This research was then amalgamated into 126 ‘awareness statements’ and this formed the core curriculum and content of the programmes. We also created a development matrix which was used for individual training needs analysis (TNA) in the nomination process. To ensure the right people were on the right programme, the development matrix was used to measure trainee knowledge and behaviours against the awareness statements, both before and after the programme, with MAP used to benchmark 12 management competencies against 110,000 managers worldwide.
The npower awareness statements formed the framework for the detailed content and were clearly aligned to ILM requirements for Level 3 and 5 Certificates.
The format suited all learning styles and consisted of:
- Five to six two-day workshops over seven to 10 months
- Open learning material/workbooks (up to 150 hours self-directed learning)
- In-between workshop one-to-one coaching
- Assignments detailing practical application
- Continuous improvement business activity
The average group size was 10 trainees. A senior business leader opened and closed the programme and there was support by mentoring throughout.
Learner achievements and business benefits
Ninety-nine per cent of reported learner feedback on the Initiate and Integrate programmes has been positive regarding content and delivery. The admiration for the learners is mutual, with all trainees having provided business benefits from their training, with each delegate required to undertake a continuous improvement project and present this back to the business. The presentations have been so impressive that we can report our learners now see the personal and business benefits of continuously striving for improvements in their business area, and encourage and support their people to do the same.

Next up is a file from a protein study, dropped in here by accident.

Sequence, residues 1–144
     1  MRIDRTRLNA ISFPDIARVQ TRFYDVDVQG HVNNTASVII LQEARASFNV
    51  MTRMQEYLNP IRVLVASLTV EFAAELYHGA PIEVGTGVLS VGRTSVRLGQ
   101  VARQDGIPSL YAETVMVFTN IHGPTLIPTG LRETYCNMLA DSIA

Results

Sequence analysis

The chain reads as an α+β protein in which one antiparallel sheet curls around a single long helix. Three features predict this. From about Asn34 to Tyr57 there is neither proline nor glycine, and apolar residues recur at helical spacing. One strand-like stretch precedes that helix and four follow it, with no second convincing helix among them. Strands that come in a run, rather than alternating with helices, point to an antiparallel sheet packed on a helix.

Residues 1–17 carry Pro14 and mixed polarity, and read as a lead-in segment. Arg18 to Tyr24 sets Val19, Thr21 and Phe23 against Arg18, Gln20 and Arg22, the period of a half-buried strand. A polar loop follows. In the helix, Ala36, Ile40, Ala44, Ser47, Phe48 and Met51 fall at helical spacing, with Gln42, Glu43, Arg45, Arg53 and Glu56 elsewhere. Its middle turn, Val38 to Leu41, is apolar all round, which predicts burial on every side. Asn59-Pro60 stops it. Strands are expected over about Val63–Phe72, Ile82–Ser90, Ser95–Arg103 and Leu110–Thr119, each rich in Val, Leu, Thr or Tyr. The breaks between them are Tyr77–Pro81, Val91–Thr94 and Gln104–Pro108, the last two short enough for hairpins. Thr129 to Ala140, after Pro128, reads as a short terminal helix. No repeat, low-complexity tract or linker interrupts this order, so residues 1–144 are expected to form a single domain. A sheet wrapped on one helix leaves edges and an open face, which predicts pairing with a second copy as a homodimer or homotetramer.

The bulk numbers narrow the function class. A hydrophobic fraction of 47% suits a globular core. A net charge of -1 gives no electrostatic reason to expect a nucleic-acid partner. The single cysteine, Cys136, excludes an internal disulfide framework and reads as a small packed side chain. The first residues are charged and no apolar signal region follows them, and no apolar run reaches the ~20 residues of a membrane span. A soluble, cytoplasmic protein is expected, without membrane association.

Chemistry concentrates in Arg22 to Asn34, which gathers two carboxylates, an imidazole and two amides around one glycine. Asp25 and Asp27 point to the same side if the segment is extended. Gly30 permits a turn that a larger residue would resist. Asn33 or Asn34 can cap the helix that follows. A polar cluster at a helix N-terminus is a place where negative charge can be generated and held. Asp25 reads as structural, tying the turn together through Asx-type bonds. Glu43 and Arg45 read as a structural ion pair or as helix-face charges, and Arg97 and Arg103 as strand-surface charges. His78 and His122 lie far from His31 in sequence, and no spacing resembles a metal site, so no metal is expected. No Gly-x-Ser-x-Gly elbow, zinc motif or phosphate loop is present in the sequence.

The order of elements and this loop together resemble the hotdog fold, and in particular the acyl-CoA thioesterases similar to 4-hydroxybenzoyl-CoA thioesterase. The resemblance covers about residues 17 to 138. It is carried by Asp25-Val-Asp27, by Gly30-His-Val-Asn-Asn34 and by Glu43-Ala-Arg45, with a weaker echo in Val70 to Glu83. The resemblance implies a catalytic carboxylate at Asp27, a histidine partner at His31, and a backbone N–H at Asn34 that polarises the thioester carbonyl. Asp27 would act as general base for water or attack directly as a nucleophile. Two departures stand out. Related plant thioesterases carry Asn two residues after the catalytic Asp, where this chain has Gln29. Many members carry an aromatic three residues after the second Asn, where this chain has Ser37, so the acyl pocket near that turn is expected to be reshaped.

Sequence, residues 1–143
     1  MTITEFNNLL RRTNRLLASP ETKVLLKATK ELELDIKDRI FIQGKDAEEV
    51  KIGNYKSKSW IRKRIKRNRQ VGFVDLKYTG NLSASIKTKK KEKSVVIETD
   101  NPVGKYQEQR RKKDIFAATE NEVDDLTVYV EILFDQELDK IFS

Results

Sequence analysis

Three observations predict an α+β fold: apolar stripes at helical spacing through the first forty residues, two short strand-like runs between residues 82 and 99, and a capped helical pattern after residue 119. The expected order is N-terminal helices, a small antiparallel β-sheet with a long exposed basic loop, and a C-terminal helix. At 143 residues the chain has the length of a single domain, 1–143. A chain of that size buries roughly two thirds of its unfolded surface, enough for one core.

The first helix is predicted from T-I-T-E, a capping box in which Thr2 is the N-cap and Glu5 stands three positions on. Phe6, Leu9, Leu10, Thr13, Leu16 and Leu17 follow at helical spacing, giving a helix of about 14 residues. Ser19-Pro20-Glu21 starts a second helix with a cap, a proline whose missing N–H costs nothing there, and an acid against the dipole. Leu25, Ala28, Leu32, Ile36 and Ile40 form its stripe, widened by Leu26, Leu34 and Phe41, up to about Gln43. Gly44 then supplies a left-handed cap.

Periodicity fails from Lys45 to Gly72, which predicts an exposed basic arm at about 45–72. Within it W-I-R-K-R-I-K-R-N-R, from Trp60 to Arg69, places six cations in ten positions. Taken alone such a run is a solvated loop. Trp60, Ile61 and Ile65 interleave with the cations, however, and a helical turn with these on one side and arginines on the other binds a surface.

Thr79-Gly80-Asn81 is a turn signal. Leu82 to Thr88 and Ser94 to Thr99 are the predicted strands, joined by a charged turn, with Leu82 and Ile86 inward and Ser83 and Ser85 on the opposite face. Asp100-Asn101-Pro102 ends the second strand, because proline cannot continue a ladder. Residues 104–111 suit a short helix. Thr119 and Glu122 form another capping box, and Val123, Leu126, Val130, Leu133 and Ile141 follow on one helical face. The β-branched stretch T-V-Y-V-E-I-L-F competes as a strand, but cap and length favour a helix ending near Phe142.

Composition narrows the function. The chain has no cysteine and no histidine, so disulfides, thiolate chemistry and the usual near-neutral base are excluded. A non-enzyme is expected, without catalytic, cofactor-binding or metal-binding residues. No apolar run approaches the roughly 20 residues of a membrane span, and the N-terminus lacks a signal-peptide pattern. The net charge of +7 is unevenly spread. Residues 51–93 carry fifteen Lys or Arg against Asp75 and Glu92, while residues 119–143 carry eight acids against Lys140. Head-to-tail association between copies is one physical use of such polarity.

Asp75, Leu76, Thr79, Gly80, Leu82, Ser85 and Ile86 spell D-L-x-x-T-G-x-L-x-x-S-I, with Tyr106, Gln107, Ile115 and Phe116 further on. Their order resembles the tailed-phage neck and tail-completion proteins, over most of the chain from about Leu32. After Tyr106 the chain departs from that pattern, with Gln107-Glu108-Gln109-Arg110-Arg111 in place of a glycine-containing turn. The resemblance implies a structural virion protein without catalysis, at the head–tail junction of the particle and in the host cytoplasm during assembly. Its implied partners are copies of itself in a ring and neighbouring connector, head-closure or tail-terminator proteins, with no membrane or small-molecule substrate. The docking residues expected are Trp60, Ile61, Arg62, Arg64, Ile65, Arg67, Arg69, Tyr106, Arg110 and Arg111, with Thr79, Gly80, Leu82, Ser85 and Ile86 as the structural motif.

This shift has had a dramatic knock-on impact for our business. Resulting business activities have identified £4.2m of financially tangible business benefits against an original spend of £350,000. Every CI business project undertaken by every learner needed to have a demonstrable financial return clarified as part of their activity. These projects are supported by the CI colleagues across the business and are centrally tracked as part of the evaluation methodology of the Initiate and Integrate project. The programme has therefore paid for itself 12 times over, with business ideas ranging from ways to improve our service to customers, manage debt better and improve our reporting.
Many of the ideas are now being followed through and have delighted senior leaders in the process.
“The enthusiasm, creativity and real engagement with material business issues was tremendous… it is rare, in my experience, that development programmes achieve the difficult balance of academic knowledge and practical experience that links directly to measurable business results.” – Phil Scholes, our Customer Services director (Business)
To date, 90 per cent of the trainees have taken the ILM qualifications and we are on track to have 100 per cent pass rates on assignments. All trainees who have done the post-programme MAP re-assessment have met the overall 50 per cent improvement required across all competencies. All trainees taking the post-programme functional knowledge test have improved their scores in all areas to the levels required. Ten trainees have changed role (promotion/sideways) and have cited their programme as giving them the confidence to apply and be successful at interview.
Our employee survey score on the areas identified all show on increase from between five to 15 percentage points. Even with further company-wide cost challenges for 2010, a further 15 programmes started and learners who have already completed the process are part of a ‘buddying’ support system for these new learners.
In spite of these financial challenges, the team has continued to deliver a tailored programme that provides consistent, clear information for our trainees and helps them better understand their people management role and how it aligns to our business objectives. We, therefore, now have Initiate and Integrate the npower Vision embedded across the business, with these programmes seen as central to the L&D framework and supporting our succession planning and talent management approach.